The solution? A little rustic tart. The rustic tart is quicker and easier than a double-crust pie or tart. You can make it free-form on a baking sheet, as I did for my Rustic Peach Tart, or make it in a 9-inch glass pie plate.
Just make the same amount of dough you would for any 9-inch single-crust pie, but roll it a bit larger to about 14 inches. Center it in the pie plate, not worrying about evening up the ragged edges, pour in the filling, and then bring that raggedy overhanging pastry up over the apples.
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Apple Galette / Crostata / Rustic Tart
(Makes one 8.5-inch round tart, 6 servings)
Sour Cream Pastry
1 1/4 dip-and-sweep cups (6.25 ounces) unbleached all-purpose flour
1/4 teaspoon salt
1/4 teaspoon baking powder
1 stick (4 ounces) unsalted butter
1/2 cup sour cream, plus a little more if needed
1 1/2 pounds (about 4 medium) apples*
1/4 cup sugar
1 tablespoon unbleached all-purpose flour
1/2 teaspoon cinnamon
*I usually use half each of two varieties; such as, Fuji and Pink Lady, Granny Smith and Golden Delicious, or Braeburn and Pippin.
1 In medium bowl, whisk together flour, salt and baking powder. With coarse grater over bowl, shred the butter over the flour. (Don't try to shred the very last--you'll shred your fingers; just cut it up.) Stir with a large dinner fork, making sure all the shredded butter is coated with flour. Mixture should be very chunky.
2 With the fork, stir in the sour cream. If you pinch some of the crumbly dough and it holds together and there isn't a lot of dry flour in the bowl, you've used enough sour cream. If not, either add a bit more or sprinkle on up to a tablespoon or so of cold milk, a teaspoon at a time.
3 Turn the crumbly dough out onto a square of plastic wrap and shape it into a 5-inch disk. Wrap tightly in the plastic wrap and chill in the refrigerator for at least 30 minutes or up to 3 days.
4 If you've chilled the dough for just 30 minutes or so, you can roll it out without waiting. You'll need to let thoroughly chilled dough stand at room temperature for 10 to 20 minutes before rolling. Save the square of plastic wrap; you'll be using it again. (I'm very sparing in my use of plastic wrap and like to get as much use out of a piece as possible!)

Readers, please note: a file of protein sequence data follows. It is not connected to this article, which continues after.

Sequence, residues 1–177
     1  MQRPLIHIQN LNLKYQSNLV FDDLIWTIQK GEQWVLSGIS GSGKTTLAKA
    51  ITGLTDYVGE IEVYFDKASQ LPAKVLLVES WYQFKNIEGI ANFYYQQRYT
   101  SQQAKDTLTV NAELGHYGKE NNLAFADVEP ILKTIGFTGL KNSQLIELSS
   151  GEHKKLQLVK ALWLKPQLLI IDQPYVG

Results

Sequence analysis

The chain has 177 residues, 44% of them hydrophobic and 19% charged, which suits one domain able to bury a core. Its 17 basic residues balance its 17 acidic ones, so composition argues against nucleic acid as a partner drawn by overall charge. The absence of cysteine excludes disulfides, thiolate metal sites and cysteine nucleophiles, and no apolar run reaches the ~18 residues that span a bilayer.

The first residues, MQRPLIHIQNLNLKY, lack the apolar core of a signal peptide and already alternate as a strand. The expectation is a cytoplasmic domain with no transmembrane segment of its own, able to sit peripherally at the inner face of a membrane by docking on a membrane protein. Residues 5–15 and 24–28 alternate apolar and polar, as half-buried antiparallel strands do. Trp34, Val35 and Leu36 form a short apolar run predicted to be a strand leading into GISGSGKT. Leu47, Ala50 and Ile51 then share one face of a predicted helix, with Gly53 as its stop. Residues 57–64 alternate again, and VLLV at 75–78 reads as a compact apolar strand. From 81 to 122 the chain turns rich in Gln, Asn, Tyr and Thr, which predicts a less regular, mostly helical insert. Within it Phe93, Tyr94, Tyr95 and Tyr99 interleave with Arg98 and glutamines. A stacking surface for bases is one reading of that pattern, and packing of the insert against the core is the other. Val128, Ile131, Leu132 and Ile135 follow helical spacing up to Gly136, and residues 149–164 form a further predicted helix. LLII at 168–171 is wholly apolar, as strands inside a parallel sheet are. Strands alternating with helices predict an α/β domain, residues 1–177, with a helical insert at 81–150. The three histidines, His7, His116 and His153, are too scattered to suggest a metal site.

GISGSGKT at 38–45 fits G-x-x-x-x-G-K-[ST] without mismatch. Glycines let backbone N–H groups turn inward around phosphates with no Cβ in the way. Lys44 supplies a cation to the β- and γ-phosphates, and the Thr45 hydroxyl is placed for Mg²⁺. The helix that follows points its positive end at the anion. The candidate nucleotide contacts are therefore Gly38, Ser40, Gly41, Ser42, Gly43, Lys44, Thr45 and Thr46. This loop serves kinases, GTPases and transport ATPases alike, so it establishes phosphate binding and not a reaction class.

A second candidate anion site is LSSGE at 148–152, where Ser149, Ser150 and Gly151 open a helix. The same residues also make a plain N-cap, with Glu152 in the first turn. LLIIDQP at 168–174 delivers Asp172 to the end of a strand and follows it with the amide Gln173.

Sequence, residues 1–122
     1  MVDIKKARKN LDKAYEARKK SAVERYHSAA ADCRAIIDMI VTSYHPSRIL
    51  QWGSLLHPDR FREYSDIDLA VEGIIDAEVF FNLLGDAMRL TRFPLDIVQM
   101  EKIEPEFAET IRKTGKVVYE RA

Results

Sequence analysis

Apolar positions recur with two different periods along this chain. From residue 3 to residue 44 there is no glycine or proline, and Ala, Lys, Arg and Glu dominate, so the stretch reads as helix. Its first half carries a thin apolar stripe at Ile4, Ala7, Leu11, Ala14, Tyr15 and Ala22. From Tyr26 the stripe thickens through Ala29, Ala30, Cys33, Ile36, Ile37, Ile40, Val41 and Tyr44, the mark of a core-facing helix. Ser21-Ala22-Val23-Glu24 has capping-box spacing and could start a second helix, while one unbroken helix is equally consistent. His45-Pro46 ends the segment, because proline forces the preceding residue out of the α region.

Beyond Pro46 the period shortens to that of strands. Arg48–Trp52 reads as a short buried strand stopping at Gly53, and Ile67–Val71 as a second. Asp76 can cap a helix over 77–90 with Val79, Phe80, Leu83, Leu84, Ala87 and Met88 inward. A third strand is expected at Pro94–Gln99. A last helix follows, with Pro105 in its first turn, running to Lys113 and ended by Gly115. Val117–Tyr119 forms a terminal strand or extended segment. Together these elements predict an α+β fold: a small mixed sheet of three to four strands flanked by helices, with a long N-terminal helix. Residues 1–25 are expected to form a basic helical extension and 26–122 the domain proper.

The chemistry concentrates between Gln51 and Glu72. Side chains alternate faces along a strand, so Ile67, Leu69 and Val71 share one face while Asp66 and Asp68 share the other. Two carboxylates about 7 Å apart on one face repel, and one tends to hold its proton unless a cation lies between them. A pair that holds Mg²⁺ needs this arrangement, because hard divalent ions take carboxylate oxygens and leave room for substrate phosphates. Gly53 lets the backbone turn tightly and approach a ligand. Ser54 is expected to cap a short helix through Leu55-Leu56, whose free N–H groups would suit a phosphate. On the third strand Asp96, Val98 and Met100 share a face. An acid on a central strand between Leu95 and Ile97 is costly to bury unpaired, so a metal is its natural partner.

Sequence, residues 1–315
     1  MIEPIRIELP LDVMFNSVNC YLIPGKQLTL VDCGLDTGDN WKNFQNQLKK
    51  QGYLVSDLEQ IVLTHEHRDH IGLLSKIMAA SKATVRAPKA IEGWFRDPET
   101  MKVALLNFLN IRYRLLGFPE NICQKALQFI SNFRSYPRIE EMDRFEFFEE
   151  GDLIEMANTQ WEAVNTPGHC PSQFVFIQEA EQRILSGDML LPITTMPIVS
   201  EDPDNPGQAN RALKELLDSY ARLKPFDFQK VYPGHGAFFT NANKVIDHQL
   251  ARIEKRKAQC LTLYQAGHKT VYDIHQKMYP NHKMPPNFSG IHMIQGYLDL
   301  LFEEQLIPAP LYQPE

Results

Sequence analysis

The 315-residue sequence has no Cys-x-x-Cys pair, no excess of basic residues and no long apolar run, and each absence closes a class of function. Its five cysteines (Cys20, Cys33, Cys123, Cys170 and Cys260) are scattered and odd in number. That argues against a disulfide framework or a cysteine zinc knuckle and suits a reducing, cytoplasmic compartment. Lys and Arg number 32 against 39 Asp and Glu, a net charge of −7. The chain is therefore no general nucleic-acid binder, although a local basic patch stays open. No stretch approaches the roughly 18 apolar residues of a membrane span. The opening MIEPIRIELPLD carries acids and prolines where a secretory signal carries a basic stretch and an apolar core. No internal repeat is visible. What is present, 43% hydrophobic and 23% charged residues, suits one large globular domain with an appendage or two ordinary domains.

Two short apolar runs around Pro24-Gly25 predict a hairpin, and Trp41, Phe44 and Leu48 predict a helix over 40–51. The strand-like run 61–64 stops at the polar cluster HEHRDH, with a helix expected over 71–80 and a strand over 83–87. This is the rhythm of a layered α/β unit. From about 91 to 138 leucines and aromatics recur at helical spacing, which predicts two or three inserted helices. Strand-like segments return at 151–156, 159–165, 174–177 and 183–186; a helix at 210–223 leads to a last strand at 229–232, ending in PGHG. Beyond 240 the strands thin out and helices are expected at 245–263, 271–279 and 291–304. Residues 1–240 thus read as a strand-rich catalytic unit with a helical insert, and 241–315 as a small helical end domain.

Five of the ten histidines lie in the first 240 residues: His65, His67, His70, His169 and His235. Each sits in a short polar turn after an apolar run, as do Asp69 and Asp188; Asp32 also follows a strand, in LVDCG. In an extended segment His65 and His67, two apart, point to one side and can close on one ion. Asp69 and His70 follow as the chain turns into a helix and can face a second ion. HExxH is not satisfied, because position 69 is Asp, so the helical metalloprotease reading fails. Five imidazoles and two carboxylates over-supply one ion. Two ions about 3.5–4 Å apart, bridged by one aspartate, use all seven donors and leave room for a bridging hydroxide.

5 Preheat oven to 425 degrees. Prepare the filling just before you roll out the pastry. In tiny bowl, whisk together sugar, flour, cinnamon and salt. Peel and core the apples, and slice them into a medium bowl. I slice them like this: Peel the apples, cut them in half through the stem end. With a melon baller, remove the core from each half; with paring knife, trim away the peel from the ends. Cut each half in half lengthwise and slice thinly crosswise. You should have about 4 cups. Stir in the sugar mixture.
6 Lightly flour a square of parchment paper on the counter. Place the disk of dough in the center and sprinkle it lightly with flour. If you like, place the reserved piece of plastic wrap on top of the dough. With floured rolling pin, roll out the disk, rolling from center to edge and rotating by quarter-turns to make a round shape, to a 14-inch circle. Don't worry about ragged edges; this is a rustic tart.
7 Butter a 9-inch glass pie plate, using about 1/2 teaspoon of butter. Transfer dough to pie plate, paper side up; remove paper. Press dough into the pie plate without stretching, leaving the raggedy-edged overhang untrimmed.
8 Pour in the apple filling in an even layer. Bring the overhang up over the apples a little at a time, sort of "pleating" as you go. Don't try to be cute -- we're going for rustic here! Bake at 425 degrees for 20 minutes; reduce heat to 350 degrees and continue baking for 30 minutes. Can be served from the pie plate or lifted out and placed on a serving plate.